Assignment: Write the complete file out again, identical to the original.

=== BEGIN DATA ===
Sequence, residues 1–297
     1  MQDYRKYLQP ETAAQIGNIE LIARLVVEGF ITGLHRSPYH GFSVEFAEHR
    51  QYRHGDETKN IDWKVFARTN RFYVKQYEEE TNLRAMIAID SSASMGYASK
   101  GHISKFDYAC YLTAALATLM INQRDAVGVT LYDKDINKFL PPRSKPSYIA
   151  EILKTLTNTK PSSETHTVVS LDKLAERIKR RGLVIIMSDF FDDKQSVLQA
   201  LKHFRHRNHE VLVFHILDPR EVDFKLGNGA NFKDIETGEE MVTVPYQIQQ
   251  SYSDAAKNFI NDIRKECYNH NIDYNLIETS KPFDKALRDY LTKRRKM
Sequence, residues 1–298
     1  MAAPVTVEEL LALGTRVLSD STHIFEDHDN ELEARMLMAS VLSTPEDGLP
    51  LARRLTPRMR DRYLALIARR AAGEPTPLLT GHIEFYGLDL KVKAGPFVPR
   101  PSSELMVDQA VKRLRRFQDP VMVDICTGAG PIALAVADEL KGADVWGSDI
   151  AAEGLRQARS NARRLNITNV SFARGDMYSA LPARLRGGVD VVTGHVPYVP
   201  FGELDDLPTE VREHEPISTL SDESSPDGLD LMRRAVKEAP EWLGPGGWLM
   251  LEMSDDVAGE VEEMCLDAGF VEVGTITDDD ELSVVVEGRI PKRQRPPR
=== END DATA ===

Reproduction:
Sequence, residues 1–297
     1  MQDYRKYLQP ETAAQIGNIE LIARLVVEGF ITGLHRSPYH GFSVEFAEHR
    51  QYRHGDETKN IDWKVFARTN RFYVKQYEEE TNLRAMIAID SSASMGYASK
   101  GHISKFDYAC YLTAALATLM INQRDAVGVT LYDKDINKFL PPRSKPSYIA
   151  EILKTLTNTK PSSETHTVVS LDKLAERIKR RGLVIIMSDF FDDKQSVLQA
   201  LKHFRHRNHE VLVFHILDPR EVDFKLGNGA NFKDIETGEE MVTVPYQIQQ
   251  SYSDAAKNFI NDIRKECYNH NIDYNLIETS KPFDKALRDY LTKRRKM
Sequence, residues 1–298
     1  MAAPVTVEEL LALGTRVLSD STHIFEDHDN ELEARMLMAS VLSTPEDGLP
    51  LARRLTPRMR DRYLALIARR AAGEPTPLLT GHIEFYGLDL KVKAGPFVPR
   101  PSSELMVDQA VKRLRRFQDP VMVDICTGAG PIALAVADEL KGADVWGSDI
   151  AAEGLRQARS NARRLNITNV SFARGDMYSA LPARLRGGVD VVTGHVPYVP
   201  FGELDDLPTE VREHEPISTL SDESSPDGLD LMRRAVKEAP EWLGPGGWLM
   251  LEMSDDVAGE VEEMCLDAGF VEVGTITDDD ELSVVVEGRI PKRQRPPR